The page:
So, last year I was at the Edinburgh Book Festival, doing kids’ workshops with The Phoenix, and I got a strange request. Would I like to be a part of a collaborative graphic novel, being commissioned by the Book Festival, to celebrate their 30 year anniversary?
Well, not likely I was going to turn it down. Especially when they explained the premise: Scotland 30 years into the future (30 years of the book festival – 30 years in the future…) after a massive global-warming-induced flood has left all the major cities underwater, and a new city of refugees (the Internally Displaced Persons of the title) has sprung up around SkyFarm, a new high-tech farming skyscraper in New Wanlockhead, the highest village in Scotland.
Complicated, high-concept and full of social injustice; just how I like ‘em. My job was to take the characters of the first chapter (written by comics legend Pat Mills, although at the time I didn’t know that – they were very cloak-and-dagger about who was actually involved in the early stages), tell the story of how they met and flesh out the world a bit.
Well, the result is IDP:2043, a glorious sprawling bastard mutant of a book, throwing 10 wildly different writers and artists together and kind of just seeing what comes out. Comics and crimewriting goddess Denise Mina had the unenviable role of story editor, in charge of herding this group of cats into some sort of coherent narrative.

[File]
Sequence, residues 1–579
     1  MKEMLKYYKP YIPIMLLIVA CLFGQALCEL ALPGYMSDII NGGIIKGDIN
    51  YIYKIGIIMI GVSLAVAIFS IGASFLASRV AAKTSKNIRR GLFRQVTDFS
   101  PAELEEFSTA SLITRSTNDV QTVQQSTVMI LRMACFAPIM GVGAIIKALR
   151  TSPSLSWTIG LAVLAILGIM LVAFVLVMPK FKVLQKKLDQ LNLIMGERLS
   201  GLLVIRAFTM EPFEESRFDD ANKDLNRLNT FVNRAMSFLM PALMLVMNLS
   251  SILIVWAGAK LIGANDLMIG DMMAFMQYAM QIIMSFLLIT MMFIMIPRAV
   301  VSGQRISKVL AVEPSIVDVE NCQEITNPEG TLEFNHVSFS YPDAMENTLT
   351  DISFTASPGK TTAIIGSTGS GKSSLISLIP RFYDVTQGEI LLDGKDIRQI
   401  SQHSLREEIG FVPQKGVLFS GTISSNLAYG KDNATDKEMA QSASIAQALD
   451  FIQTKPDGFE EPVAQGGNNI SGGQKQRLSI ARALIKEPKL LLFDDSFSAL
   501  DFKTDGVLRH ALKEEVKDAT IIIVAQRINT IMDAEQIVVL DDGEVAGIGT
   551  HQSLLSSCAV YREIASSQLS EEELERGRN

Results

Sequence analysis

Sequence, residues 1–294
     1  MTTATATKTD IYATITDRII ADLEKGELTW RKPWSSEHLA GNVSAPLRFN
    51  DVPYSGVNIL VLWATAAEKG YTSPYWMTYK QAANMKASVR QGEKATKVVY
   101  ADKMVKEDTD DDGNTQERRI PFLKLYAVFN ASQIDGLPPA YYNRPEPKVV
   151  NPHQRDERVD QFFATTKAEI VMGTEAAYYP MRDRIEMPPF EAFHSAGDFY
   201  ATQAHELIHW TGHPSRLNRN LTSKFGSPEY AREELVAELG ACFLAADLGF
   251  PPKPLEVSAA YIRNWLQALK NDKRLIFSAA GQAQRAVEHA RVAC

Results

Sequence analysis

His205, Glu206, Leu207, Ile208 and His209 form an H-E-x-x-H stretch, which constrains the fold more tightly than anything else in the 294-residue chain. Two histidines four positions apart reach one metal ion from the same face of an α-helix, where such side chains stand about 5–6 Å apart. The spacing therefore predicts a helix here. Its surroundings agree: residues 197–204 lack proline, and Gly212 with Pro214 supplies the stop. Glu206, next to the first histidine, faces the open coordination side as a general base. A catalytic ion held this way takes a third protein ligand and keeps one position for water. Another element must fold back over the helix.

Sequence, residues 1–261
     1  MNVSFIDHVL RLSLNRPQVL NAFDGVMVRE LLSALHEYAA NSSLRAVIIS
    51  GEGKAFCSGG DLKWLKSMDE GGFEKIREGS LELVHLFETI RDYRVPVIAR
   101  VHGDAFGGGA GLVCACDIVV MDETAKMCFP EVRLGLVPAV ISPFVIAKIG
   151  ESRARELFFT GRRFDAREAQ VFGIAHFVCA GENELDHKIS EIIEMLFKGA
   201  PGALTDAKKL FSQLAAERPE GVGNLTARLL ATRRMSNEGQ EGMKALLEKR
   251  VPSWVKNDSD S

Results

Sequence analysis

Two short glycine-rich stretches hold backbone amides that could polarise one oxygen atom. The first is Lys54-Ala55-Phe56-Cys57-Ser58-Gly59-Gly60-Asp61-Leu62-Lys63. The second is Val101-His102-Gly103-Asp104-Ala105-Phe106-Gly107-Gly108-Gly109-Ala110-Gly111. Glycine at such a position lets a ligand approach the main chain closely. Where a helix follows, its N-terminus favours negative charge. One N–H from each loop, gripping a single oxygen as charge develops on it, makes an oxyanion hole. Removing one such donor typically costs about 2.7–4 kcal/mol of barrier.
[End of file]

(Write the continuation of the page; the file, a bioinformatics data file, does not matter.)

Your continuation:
Articles and reviews:
The Edinburgh Book Festival – official press release
The Scotsman “It’s great to see the book festival try something new but IDP: 2043 isn’t the “white knuckle ride of a thriller” promised on the jacket, it’s a plodding presentation of a few interesting ideas and a lot of clichés.” Brian Ferguson (Ooh, burn!)
The Herald “But what I’m hopeful for is … God, am I hopeful for anything?” Hannah Berry, in interview with Teddy Jamieson
The Guardian “It’s far from tidy, and the final chapter has to make some improbable leaps to get to its conclusion, but this is a quirky and thoroughly enjoyable work.” James Smart
The Independent “Special note must be made of Murphy and his larger than life chapter, focusing on Cait’s anger at a dinner party for the rich, and exposing the class tensions that have been bubbling away. It is here that our protagonist truly comes into her own, more than just paper and ink, demonstrating real emotion that pulls the reader in to her life, crackling with anger alongside the fiery redhead.” Laura Sneddon.